Eric Kaler is overpaid

Calling on the incoming president — a public servant — to cut his salary.

Daily Editorial Board

Incoming University President Eric Kaler recently said at a public forum that his new $610,000 base salary is âÄúreasonable.âÄù We beg to differ.
In defense of his exorbitant level of compensation, to which many benefits will be added, Kaler noted that it falls âÄúin the middle range for presidents in the Big Ten.âÄù ThatâÄôs true enough, but such a superficial argument deserves a platitude in response: Just because everyone else is doing it doesnâÄôt make it right.
Across the board, Big Ten universities are facing declining endowments, tuition increases and national economic hardship. Set against this backdrop, the trend of escalating administrative pay is simply inexcusable. As recently as 2004, President Bob BruininksâÄô net pay âÄî with benefits âÄî was reported at only $390,000.
Of course, the default argument in defense of high administrative pay is the need to maintain competitive salaries relative to comparable institutions. But it is a fallacy, especially in this economy, that we need to pay top dollar to attract top talent.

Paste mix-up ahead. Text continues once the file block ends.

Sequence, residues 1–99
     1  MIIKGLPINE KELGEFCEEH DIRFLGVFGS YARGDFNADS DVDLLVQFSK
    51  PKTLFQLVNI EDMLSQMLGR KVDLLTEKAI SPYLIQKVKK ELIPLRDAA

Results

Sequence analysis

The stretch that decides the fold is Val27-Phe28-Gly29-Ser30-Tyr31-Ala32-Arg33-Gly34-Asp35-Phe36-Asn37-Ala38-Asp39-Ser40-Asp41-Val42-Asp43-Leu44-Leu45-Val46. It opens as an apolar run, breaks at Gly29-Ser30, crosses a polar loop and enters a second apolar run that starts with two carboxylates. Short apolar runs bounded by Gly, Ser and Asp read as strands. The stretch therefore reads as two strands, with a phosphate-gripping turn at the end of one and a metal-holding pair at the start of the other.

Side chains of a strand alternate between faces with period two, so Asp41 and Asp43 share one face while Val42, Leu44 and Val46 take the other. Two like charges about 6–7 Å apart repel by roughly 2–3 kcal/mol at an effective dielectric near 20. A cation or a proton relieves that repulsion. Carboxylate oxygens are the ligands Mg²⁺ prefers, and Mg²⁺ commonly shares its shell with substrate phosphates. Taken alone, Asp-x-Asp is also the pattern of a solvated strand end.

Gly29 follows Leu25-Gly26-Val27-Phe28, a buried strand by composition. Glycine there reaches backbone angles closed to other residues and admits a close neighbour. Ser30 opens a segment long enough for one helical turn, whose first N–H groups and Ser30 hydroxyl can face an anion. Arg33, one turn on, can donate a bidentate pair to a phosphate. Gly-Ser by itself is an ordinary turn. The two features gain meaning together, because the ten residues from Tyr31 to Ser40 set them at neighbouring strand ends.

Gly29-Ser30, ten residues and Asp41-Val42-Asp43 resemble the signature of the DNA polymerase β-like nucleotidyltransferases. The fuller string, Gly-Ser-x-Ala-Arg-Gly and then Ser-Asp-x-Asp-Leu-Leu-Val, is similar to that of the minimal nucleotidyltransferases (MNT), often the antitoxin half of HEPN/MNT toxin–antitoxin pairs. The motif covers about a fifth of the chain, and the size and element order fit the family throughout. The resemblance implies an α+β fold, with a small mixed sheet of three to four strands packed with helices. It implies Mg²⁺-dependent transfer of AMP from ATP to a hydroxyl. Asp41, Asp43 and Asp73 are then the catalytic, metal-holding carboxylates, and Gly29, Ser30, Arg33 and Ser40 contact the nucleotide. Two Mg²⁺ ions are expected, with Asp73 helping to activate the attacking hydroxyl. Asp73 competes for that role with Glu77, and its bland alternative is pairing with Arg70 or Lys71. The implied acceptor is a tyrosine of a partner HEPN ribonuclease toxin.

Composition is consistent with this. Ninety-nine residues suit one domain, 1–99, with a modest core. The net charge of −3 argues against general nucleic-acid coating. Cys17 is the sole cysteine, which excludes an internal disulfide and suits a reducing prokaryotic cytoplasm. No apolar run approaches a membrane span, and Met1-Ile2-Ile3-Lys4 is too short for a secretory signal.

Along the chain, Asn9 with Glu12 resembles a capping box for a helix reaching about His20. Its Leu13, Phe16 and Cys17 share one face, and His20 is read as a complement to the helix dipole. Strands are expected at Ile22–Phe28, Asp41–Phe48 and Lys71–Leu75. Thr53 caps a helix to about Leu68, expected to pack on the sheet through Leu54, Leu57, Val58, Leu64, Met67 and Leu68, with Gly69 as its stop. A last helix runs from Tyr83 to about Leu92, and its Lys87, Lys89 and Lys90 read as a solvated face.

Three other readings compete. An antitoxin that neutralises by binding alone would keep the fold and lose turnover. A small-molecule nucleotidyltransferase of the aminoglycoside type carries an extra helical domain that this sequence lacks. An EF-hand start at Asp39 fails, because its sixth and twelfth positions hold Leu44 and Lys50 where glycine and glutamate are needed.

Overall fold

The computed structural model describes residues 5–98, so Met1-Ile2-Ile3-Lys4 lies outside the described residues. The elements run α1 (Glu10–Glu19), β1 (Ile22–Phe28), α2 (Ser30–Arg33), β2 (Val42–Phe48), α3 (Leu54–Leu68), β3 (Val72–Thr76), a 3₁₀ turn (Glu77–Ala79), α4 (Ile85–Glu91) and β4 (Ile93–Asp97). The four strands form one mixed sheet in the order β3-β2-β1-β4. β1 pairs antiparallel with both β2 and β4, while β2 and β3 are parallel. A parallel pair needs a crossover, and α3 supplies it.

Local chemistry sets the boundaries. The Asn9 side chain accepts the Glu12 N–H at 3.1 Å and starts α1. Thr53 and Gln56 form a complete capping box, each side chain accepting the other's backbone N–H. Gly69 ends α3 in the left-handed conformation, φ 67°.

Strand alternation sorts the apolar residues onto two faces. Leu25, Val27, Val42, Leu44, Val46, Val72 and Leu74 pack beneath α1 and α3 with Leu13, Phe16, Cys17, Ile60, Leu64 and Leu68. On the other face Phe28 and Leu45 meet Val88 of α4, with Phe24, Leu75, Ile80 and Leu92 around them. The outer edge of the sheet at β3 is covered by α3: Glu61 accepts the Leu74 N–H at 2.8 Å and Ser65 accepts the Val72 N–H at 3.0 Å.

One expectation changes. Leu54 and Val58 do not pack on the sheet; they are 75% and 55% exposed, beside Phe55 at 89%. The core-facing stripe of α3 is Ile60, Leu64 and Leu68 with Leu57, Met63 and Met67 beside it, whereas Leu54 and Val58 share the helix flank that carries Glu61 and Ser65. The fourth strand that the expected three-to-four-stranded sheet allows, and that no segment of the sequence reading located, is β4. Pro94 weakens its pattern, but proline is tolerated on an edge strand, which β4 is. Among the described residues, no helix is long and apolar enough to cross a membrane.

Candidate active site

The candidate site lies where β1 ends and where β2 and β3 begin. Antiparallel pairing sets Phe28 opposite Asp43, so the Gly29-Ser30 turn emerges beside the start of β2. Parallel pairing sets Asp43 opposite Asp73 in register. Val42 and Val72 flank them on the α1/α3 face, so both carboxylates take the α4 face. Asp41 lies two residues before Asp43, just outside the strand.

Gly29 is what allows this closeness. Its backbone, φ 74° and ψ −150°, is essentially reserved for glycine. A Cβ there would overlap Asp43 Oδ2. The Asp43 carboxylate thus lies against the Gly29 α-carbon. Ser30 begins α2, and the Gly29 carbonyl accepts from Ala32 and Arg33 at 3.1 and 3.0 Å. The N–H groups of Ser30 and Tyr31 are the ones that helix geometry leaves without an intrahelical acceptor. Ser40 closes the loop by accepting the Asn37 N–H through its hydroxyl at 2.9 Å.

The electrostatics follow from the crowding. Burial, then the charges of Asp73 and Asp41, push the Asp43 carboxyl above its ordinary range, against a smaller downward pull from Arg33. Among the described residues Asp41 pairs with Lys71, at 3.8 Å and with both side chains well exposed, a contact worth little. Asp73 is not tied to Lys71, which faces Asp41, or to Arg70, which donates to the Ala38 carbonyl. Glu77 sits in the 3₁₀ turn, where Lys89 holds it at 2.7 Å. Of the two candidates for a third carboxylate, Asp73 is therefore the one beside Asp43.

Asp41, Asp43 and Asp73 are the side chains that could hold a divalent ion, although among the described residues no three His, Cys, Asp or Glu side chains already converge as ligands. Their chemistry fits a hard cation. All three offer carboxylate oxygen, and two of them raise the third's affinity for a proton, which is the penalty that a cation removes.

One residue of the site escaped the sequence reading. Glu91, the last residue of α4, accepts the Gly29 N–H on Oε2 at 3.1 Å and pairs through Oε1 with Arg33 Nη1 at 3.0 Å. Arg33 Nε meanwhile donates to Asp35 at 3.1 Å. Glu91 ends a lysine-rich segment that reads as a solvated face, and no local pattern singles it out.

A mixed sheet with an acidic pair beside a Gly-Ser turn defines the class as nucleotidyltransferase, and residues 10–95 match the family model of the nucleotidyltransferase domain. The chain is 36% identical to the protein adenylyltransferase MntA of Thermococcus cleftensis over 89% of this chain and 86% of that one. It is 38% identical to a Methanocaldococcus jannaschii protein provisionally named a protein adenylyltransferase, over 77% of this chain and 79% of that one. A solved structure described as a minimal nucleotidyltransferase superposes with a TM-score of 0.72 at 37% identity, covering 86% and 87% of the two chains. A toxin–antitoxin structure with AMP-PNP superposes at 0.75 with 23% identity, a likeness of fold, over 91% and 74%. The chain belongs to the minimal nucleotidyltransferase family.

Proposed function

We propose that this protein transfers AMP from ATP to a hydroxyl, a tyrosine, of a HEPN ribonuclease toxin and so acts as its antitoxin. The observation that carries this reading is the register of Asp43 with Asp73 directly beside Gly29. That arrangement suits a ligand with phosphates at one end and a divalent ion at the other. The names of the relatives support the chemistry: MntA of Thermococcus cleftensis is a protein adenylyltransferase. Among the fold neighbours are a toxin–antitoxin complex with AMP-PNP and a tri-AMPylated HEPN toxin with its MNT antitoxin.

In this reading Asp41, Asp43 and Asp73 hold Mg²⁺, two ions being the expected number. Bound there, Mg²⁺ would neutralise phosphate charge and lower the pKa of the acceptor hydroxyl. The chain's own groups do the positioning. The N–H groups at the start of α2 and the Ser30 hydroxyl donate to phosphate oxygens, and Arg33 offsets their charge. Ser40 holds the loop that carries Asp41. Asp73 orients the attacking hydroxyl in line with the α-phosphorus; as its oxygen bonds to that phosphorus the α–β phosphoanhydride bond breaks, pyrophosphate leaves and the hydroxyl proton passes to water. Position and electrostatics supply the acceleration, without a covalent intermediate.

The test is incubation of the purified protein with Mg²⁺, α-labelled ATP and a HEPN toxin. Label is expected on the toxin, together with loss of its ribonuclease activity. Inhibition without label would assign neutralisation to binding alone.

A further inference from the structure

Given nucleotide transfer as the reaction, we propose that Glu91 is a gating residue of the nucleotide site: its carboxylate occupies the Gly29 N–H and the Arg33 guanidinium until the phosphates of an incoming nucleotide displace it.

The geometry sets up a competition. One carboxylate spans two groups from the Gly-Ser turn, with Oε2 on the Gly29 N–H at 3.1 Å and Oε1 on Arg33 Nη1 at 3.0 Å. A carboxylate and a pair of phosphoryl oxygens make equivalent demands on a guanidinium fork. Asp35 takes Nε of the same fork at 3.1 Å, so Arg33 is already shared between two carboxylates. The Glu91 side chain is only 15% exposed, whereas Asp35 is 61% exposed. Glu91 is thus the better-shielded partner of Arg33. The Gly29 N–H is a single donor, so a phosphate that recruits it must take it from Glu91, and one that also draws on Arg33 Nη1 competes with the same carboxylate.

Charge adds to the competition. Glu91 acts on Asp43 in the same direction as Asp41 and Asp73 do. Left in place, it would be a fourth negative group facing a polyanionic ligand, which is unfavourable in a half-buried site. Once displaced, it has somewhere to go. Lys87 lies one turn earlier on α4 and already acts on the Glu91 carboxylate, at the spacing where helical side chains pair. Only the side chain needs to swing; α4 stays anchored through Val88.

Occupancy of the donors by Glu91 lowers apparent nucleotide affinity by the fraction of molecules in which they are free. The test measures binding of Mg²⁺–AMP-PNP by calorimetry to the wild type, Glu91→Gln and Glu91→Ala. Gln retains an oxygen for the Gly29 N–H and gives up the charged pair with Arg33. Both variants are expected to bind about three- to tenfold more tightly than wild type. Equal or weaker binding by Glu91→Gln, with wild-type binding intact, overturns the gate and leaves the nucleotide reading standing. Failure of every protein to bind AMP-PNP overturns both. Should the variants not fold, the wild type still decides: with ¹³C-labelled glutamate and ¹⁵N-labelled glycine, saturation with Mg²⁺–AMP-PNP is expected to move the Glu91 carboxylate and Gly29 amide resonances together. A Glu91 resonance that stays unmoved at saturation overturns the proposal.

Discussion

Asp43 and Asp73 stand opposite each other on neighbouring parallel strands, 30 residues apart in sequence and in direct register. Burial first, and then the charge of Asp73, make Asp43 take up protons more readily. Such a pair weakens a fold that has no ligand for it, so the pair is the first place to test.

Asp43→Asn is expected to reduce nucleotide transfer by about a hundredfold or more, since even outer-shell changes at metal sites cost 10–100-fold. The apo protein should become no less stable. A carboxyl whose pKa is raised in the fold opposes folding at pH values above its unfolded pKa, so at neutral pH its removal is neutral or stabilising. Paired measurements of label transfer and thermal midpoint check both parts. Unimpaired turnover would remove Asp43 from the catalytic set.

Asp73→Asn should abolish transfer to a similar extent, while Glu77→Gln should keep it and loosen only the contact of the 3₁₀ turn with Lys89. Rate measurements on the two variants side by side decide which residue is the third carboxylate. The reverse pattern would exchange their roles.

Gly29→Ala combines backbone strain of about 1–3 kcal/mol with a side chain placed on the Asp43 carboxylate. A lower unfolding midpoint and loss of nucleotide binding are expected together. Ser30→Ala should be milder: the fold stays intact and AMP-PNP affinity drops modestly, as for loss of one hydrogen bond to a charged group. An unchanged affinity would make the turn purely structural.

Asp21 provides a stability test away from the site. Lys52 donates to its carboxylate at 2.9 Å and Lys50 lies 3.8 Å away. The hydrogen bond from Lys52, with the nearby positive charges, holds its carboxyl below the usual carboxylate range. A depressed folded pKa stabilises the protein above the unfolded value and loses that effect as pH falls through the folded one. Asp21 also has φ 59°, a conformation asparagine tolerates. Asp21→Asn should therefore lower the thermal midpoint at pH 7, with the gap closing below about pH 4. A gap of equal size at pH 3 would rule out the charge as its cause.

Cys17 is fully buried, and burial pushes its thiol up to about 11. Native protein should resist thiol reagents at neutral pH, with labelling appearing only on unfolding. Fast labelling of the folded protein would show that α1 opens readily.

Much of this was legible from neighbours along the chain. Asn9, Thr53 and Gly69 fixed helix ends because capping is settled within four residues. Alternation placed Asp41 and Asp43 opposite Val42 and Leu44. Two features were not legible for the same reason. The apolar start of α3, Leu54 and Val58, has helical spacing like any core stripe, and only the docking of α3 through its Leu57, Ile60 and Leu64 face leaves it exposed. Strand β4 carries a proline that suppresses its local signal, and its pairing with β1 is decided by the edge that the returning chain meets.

After all, this is a public educational institution, not a private one. ItâÄôs certainly not a business. If we run it like one, we send the signal that the bottom line is a more compelling motivator than the public good.
For a little perspective, the President of the United States earns exactly $400,000 a year. ThatâÄôs hardly a pittance, but also hardly commensurate with the weight of that officeâÄôs responsibilities. Why? Because, at least in theory, the president is elected to serve, not to profit.
President Kaler: If you really want to show your dedication to serving this University, the first thing you can do is address out of control administrative salaries, starting with your own.